To determine whether VE-cadherin could be an in vivo PTPμ substrate, we manipulated PTPμ catalytic activity in HMEC-1 cells. Overexpression of full-length WT PTPμ, containing the two catalytic domains and potential protein-binding domains, consistently resulted in tyrosine dephosphorylation VE-cadherin (Figure 8B). If the intracellular pool of a PTPμ-binding partner is finite or rate limiting, overexpression of WT PTPμ might indiscriminately dephosphorylate substrates that are in close proximity. In the current studies, a wide range of levels of WT PTPμ overexpression consistently demonstrated VE-cadherin as a substrate for tyrosine dephosphorylation (data not shown) whereas the VE-cadherin-binding partner, β-catenin, remained unchanged (Figure 8B). It is possible that other as yet unidentified PTPμ substrates are also involved. It is also possible that PTPμ regulates the paracellular pathway independent of its catalytic activity. Of note, introduction of PTPμ in prostate carcinoma cells that lack PTPμ restores E-cadherin-dependent adhesion but does so independent of PTPμ catalytic activity.
      • Hellberg CB
      • Burden-Gulley SM
      • Pietz GE
      • Brady-Kalnay SM
      Expression of the receptor protein-tyrosine phosphatase, PTPmu, restores E-cadherin-dependent adhesion in human prostate carcinoma cells.
      VE-cadherin appears to be a potential in vivo substrate for PTPμ (Figure 8B). Although VE-cadherin has been implicated in multiple aspects of EC behavior,
      • Dejana E
      Endothelial adherens junctions: implications in the control of vascular permeability and angiogenesis.
      it is unclear whether any of these VE-cadherin functions or VE-cadherin-protein interactions are tyrosine phosphorylation-dependent. In one study, vascular endothelial growth factor-induced tyrosine phosphorylation of VE-cadherin in HUVECs was temporally coincident with increases in both paracellular permeability to FITC-dextran and EC migration.
      • Esser S
      • Lampugnani MG
      • Corada M
      • Dejana E
      • Risau W
      Vascular endothelial growth factor induces VE-cadherin tyrosine phosphorylation in endothelial cells.
      In another study, tumor necrosis factor-α similarly increased both tyrosine phosphorylation of VE-cadherin and movement of a permeability tracer across EC monolayers.
      • Nwariaku FE
      • Liu Z
      • Zhu X
      • Turnage RH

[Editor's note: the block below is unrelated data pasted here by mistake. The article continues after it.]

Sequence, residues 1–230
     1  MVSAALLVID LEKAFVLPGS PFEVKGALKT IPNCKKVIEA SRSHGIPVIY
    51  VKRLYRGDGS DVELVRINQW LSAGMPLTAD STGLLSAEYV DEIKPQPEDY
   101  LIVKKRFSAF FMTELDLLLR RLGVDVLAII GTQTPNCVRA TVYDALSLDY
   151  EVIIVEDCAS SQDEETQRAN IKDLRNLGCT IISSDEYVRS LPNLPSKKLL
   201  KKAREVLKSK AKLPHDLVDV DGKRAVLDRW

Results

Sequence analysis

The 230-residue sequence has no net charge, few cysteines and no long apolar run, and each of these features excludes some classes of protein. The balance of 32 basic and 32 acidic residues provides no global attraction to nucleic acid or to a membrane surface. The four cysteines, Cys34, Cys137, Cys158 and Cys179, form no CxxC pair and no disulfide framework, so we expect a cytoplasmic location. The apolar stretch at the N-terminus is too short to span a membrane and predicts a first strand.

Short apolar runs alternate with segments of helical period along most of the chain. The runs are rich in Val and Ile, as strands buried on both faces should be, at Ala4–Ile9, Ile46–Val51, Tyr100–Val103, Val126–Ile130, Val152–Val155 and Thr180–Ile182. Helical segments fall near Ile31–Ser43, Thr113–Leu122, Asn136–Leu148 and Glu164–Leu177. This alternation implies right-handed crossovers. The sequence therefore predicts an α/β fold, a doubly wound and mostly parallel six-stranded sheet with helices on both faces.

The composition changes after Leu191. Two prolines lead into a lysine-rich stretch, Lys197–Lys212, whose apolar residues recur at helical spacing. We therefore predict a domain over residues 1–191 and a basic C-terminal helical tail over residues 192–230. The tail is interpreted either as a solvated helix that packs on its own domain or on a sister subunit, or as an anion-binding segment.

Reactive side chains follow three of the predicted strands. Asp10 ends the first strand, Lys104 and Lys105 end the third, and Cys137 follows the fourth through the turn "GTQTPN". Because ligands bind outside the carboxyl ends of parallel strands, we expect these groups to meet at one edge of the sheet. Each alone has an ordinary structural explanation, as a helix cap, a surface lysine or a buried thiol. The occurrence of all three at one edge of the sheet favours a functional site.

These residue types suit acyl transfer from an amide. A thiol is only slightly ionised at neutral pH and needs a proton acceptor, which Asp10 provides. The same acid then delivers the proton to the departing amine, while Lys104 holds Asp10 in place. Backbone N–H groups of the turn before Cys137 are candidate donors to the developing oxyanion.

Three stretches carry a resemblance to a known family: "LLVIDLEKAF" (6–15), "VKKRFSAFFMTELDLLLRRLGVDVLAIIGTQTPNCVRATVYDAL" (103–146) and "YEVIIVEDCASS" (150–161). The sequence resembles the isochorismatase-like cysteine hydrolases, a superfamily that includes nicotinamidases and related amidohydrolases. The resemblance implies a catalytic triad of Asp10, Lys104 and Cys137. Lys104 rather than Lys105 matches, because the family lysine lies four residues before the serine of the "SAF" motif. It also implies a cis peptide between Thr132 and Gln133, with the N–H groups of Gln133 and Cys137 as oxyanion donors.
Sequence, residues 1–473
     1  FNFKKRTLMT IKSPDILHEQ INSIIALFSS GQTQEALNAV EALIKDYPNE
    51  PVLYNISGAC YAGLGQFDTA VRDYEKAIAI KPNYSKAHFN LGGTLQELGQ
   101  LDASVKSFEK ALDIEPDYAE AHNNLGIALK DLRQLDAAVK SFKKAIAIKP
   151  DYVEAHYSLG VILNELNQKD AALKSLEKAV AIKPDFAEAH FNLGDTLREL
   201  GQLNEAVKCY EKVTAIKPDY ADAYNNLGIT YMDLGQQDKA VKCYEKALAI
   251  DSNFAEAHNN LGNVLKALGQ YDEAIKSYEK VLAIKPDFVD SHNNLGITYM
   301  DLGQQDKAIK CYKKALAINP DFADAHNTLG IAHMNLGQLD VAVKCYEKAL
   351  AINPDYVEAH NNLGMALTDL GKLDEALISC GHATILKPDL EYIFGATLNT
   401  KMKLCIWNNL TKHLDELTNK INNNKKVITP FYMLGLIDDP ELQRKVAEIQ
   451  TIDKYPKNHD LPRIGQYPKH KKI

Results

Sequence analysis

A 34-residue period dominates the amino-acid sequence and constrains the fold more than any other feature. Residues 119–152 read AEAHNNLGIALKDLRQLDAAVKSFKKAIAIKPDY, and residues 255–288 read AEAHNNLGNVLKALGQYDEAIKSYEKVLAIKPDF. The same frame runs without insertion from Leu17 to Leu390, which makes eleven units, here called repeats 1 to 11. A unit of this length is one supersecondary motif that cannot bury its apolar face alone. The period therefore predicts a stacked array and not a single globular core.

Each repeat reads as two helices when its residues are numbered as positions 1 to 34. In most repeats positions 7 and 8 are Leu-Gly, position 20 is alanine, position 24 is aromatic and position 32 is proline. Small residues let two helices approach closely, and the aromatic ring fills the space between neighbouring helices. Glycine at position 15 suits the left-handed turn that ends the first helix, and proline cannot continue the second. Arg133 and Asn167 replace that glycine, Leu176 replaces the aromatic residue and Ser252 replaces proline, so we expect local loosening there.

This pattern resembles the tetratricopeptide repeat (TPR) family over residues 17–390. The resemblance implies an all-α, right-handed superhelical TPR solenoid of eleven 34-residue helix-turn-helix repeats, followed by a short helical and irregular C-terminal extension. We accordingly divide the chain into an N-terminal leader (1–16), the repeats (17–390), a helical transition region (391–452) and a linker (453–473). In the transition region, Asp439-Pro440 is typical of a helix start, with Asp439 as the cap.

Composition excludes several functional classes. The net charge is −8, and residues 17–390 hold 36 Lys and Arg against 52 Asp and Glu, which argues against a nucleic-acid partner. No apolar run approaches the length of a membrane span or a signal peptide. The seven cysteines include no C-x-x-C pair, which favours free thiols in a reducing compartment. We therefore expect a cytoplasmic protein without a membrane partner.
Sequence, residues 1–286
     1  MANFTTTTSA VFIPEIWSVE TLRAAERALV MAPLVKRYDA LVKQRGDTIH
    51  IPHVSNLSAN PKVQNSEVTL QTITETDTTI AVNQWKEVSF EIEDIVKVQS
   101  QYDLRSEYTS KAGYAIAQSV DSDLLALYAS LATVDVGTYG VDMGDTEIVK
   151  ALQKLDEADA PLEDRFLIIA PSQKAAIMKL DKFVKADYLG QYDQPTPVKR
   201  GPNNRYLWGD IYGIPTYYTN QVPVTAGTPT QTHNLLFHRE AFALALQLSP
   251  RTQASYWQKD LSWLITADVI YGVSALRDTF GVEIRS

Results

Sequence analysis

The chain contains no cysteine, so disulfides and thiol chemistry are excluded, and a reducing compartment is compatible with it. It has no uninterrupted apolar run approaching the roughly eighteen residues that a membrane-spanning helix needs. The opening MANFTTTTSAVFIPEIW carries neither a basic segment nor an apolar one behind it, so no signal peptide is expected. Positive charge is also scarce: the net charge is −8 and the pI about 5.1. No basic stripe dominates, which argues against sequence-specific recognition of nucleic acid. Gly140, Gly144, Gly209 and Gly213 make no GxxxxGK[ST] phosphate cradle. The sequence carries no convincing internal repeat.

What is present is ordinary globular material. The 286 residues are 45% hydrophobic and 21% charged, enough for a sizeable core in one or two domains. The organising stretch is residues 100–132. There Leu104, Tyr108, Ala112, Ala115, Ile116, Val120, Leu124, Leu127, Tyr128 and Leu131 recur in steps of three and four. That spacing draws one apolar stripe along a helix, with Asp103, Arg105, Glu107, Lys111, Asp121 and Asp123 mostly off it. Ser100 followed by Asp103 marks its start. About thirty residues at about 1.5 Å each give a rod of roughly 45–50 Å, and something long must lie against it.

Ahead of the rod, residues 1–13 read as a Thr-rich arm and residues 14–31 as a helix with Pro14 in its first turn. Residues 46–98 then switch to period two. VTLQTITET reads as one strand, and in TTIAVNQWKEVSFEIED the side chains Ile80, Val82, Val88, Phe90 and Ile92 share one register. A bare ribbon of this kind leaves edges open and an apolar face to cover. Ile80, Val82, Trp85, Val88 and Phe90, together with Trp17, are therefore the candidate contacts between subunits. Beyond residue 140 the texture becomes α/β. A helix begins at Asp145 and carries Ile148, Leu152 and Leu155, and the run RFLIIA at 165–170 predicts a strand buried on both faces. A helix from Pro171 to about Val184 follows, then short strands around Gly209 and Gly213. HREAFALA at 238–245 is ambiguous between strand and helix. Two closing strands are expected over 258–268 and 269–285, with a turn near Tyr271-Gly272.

• Sarosi GA
      • Terada LS
      Tyrosine phosphorylation of vascular endothelial cadherin and the regulation of microvascular permeability.
      These studies imply that increased VE-cadherin tyrosine phosphorylation is associated with opening of the endothelial paracellular pathway. Whether these and other tumor necrosis factor-α- and vascular endothelial growth factor-induced EC responses, including angiogenesis, can be causally related to VE-cadherin tyrosine phosphorylation, and whether PTPμ might counterregulate one or more of these VE-cadherin functions is unknown. In the current studies, overexpression of WT PTPμ decreased tyrosine phosphorylation of VE-cadherin (Figure 8B, lanes 1 and 3) and enhanced barrier function (Figure 4). These combined data indicate that PTPμ regulates both the tyrosine phosphorylation state of VE-cadherin and paracellular pathway function. Whether a causal relationship between these two EC responses exists and the mechanism(s) through which the intracellular modification might be coupled to functional changes outside the cell remain unknown. Interestingly, there is evidence that PTPμ regulates N-cadherin function.
      • Burden-Gulley SM
      • Brady-Kalnay SM
      PTPmu regulates N-cadherin-dependent neurite outgrowth.
      Down-regulation of PTPμ catalytic activity through either anti-sense or overexpression of a catalytically inactive PTPμ mutant decreased neurite outgrowth on an N-cadherin substrate, suggesting that PTPμ regulates N-cadherin-mediated homophilic adhesion.
      The regulation of EC-EC interactions and the paracellular pathway through protein tyrosine phosphorylation is not well understood. Our findings indicate that in pulmonary vascular ECs, PTPμ directly associates with the cytoplasmic domain of VE-cadherin. That PTPμ can directly interact with the cadherin-catenin complex suggests its importance to ZA organization and function. Here, PTPμ dephosphorylates VE-cadherin and possibly other substrates. Such modification of VE-cadherin may, through inside-to-outside signaling, regulate VE-cadherin ectodomain homophilic adhesion. Under physiological conditions, PTPμ, and possibly other PTPs, appears to maintain basal endothelial barrier function through the restraint of tyrosine phosphorylation within the ZA multiprotein complex. Loss of this counterregulatory dephosphorylation may be operative during pathological conditions associated with opening of the pulmonary microvascular endothelial paracellular pathway (eg, acute respiratory distress syndrome) and dysregulated angiogenesis (eg, diabetic retinopathy). The mechanism(s) through which PTPμ regulates EC-EC engagement/disengagement may have implications for tissue morphogenesis and remodeling, and angiogenesis within the context of wound healing and tumor cell survival.

      Acknowledgements

      We thank Ms. Shirley A. Taylor for excellent secretarial support and Mr. Seth Crawford for photography and graphics.